Having had a sturdy set of stretchers fitted the stand was de-benched and shunted over to the press area. The press again found itself broken down into its major components. I don't think the beam I am using to sling the chain block from would take the weight of the whole thing without permanent compromise. I did accidentally put the weight of the whole thing on it when trying to lift the fly wheel off, it is a little stubborn and when swivelling it around to loosen it up it caught and the screw action of the press acted to lift the whole thing up until it lost friction with the ground. Interesting.
I knew I was only trying the press out for height on the stand, but I didn't realize at this point that I had slightly snookered myself several months ago when I performed a small surgery on the press screw. I got tired of having several degrees of play in the flywheel motion before the screw engaged, so I poured some molten white metal into the top and hoped for the best. This worked nicely and there is no play at all now, but it also meant that the screw would no longer travel through its full range of motion, I presume this is because the screw had worn slightly at the most used area and the ends are still their original size, I only mention this in case there is someone out there considering a similar procedure. I would suggest measuring things first to check if the screw is true all the way and maybe heating it prior to pouring in your metal so that when it shrinks down on cooling you will have a tiny bit more play. Anyway, this is not a problem for the press, because the range of motion is still fine for work, but it meant that I was left with the screw poking up and there was very little clearance above the press to raise the flywheel onto it. 
I had a rethink, cut a little off of the stand legs and made another attempt to lift the press with the chain block slung high up beside the beam. The sling on the beam slipped its moorings and dropped the whole thing back down after rising a few inches, it was slung properly, but the grips on the wire didn't like the stresses they were under. So I took this harmless accident as a warning and called it a day for that session and let the semi subconscious work on it over night. In the morning I made a U shaped steel strap with holes in the top that would hold a 16mm bolt that rode on top of the beam and clamped the U sides to the beam. This then had a loop of steel welded onto it raising the chain block body to the highest point possible in the space with its main body at the side of the beam. I raised the press a little with this and made some adjustments.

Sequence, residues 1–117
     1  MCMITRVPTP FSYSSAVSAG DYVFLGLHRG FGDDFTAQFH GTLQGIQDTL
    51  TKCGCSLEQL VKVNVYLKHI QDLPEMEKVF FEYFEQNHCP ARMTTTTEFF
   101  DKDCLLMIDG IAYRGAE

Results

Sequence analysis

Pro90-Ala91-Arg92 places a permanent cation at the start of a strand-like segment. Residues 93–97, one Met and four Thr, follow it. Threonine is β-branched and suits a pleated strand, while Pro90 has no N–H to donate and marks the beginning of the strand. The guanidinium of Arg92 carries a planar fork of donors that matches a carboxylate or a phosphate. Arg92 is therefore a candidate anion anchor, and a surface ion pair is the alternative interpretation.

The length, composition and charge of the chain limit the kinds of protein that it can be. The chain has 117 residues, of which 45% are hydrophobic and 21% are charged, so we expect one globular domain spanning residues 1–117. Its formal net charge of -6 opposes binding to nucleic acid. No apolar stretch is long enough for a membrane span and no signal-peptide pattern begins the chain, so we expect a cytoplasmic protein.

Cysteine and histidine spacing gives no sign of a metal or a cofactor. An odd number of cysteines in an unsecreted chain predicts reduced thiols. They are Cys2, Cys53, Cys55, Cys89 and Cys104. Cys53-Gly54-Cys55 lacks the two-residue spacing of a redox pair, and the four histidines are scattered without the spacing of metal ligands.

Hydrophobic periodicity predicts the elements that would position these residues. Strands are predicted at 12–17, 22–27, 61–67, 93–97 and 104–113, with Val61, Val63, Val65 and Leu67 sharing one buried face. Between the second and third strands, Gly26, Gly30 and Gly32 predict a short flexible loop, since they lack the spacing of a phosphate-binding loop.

I observed the degree of twist it was putting into the beam and realised I had over done the length of the hook loop, you can see silver where I have cut off some from the sides so that the chain block body rested snug as near to the beam as it could get. That slight difference greatly reduced the twist. I put a little slab of steel plate in under the bolt to stop that biting into the top of the beam, the cosmetic damage to the wood is from that sling slip I mentioned earlier.
There he is at a much better working height. The whole thing is a bit rough and ready as usual, perhaps one day when I have an immense swathe of free time I might put a dab of paint on it, but for the most part the rest will just be fiddling, making fitments to clamp the press to the stand and making whatever adjustments necessary to make it easier to use. The chair is just in there to indicate scale. The speaker magnets on the right side of the press are really handy for holding the spanners and whatnot for swapping out tooling, they are held up out of the way and it stops them from straying off, which is something that all my tools are prone to.